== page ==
Twenty summits with more than 1,000 quadrates spanning the states of Jammu & Kashmir, Himachal Pradesh, Uttarakhand, Sikkim and Arunachal Pradesh have been established at various elevations (ranging between 3,200 and 4,200 metres) of alpine vegetation ecosystem. Automated soil temperature loggers, set at hourly interval, are installed at many places “at 5 m in four true directions from highest summit point (HSP) which is going to give us better understanding” about this temperature sensitive ecosystem, reads the concept note of the project.

Disruption in data gathering

To study the impact of climate change on tree-line shift and the dynamics of alpine ecosystem, a long-term monitoring site has been established at Gulmarg, a famous mountain resort in Kashmir, which attracts hundreds of thousands of tourists annually. Lying on the northeast side of the Pir Panjal Range, Gulmarg is about 50 kilometres southwest of Jammu and Kashmir’s summer capital Srinagar. It encompasses the upper catchment area of Ferozpur Nullah (a tributary of the Jhelum River) and the forests that surround the famed Gulmarg meadow.

Botanists at Kashmir University said that the vegetation in Gulmarg mainly comprises of coniferous temperate mountain forests of Blue Pine (Pinus wallichiana), sub-alpine forests of Silver Fir (Abies pindrow) and Himalayan Birch (Betula utilis), as well as alpine scrub and meadows.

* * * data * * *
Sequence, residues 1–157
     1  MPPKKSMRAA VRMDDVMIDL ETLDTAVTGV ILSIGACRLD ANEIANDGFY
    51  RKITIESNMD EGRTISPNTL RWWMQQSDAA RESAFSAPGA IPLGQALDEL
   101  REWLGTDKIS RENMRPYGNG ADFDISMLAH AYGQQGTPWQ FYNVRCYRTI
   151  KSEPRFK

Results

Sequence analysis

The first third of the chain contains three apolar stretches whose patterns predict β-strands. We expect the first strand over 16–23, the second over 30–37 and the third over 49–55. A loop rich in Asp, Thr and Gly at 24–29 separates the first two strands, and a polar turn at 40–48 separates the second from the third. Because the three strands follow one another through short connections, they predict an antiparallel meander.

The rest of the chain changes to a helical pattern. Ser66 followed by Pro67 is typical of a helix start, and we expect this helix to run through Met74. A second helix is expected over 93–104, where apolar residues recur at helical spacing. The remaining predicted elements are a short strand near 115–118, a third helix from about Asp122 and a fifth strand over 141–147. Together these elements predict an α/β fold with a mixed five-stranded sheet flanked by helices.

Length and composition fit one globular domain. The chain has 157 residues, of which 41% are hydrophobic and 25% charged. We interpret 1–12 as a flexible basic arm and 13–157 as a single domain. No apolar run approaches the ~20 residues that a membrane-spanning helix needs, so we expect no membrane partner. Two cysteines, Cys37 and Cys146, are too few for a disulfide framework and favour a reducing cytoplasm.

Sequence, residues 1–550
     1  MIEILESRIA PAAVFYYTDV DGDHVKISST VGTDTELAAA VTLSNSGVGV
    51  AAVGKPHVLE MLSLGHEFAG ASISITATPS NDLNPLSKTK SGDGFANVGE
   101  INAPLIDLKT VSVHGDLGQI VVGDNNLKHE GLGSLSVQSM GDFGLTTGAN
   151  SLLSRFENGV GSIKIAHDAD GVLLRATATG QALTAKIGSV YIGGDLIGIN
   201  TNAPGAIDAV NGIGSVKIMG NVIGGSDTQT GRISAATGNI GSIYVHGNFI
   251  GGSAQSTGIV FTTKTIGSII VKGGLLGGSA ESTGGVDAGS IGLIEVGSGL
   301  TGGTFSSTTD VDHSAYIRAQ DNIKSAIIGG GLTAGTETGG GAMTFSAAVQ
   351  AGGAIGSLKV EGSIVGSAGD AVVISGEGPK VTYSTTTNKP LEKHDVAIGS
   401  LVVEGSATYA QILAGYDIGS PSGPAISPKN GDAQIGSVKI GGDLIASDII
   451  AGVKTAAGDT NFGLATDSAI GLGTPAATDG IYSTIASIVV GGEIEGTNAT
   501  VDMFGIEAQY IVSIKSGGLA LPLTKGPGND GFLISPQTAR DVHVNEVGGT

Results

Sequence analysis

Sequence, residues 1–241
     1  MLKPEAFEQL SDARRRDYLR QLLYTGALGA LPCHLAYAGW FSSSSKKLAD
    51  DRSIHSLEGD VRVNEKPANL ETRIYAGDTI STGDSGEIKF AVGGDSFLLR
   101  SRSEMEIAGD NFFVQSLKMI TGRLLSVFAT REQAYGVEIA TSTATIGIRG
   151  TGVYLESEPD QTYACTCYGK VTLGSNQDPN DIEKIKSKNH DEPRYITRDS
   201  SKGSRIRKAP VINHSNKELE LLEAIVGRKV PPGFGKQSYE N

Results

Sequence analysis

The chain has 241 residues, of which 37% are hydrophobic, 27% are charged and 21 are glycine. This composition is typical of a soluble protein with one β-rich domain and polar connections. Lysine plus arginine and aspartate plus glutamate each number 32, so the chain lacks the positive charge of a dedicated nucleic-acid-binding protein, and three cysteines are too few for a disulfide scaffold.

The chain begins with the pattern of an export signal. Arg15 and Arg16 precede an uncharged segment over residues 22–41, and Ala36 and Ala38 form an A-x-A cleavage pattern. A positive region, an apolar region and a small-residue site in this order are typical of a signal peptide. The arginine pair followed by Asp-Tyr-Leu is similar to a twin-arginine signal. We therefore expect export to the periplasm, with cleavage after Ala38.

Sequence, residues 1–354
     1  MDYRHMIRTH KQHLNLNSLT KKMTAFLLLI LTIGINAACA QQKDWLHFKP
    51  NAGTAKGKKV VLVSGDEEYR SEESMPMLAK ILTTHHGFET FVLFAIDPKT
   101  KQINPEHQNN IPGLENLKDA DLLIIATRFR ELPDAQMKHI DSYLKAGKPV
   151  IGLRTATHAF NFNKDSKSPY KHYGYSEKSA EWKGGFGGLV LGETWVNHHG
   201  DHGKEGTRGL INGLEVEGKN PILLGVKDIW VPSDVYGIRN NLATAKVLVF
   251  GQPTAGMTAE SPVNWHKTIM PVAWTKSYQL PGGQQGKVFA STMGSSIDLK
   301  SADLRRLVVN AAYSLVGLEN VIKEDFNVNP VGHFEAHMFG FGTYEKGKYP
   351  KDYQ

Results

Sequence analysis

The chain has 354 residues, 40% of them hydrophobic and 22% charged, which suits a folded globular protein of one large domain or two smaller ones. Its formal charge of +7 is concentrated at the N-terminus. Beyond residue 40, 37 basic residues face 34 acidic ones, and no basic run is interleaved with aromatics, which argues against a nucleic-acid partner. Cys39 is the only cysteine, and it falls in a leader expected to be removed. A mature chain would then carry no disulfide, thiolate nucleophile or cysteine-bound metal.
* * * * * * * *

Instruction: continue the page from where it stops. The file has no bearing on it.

Botanists, who are part of the team of scientists working on the HIMADRI project, said that the alpine eco-tones are experiencing shifts in response to climate change and mostly moving up the mountain slopes to colonise new areas.

As a result, the scientists said, the dynamics of the alpine eco-tone can be utilised as an excellent indicator of climate change. “Also, elevational gradients in the Indian Himalayas can serve as a natural experimental system to evaluate ecological and bio-geographical theories of species richness and their relationships to climate. To study the impact of climate change on tree-line shift and the dynamics of alpine ecosystem, establishment of long-term monitoring site has assumed urgent scientific priority in Indian Himalayas,” said one of the researchers.

He expressed his dismay that he and his colleagues in Kashmir could not visit the HIMADRI site at Gulmarg this year because of the ongoing communication shutdown in Kashmir.